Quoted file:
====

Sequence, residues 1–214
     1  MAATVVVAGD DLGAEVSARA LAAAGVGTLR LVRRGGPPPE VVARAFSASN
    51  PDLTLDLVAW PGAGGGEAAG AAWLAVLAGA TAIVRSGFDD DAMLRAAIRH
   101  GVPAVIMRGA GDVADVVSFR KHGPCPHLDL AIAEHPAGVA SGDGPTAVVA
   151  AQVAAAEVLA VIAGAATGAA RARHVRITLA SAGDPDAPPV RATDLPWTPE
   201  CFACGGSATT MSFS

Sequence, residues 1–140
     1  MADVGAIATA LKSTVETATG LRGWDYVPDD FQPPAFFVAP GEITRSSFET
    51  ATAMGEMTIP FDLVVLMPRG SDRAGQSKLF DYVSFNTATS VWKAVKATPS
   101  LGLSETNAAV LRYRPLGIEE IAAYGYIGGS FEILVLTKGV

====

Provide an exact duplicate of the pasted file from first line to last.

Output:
Sequence, residues 1–214
     1  MAATVVVAGD DLGAEVSARA LAAAGVGTLR LVRRGGPPPE VVARAFSASN
    51  PDLTLDLVAW PGAGGGEAAG AAWLAVLAGA TAIVRSGFDD DAMLRAAIRH
   101  GVPAVIMRGA GDVADVVSFR KHGPCPHLDL AIAEHPAGVA SGDGPTAVVA
   151  AQVAAAEVLA VIAGAATGAA RARHVRITLA SAGDPDAPPV RATDLPWTPE
   201  CFACGGSATT MSFS

Sequence, residues 1–140
     1  MADVGAIATA LKSTVETATG LRGWDYVPDD FQPPAFFVAP GEITRSSFET
    51  ATAMGEMTIP FDLVVLMPRG SDRAGQSKLF DYVSFNTATS VWKAVKATPS
   101  LGLSETNAAV LRYRPLGIEE IAAYGYIGGS FEILVLTKGV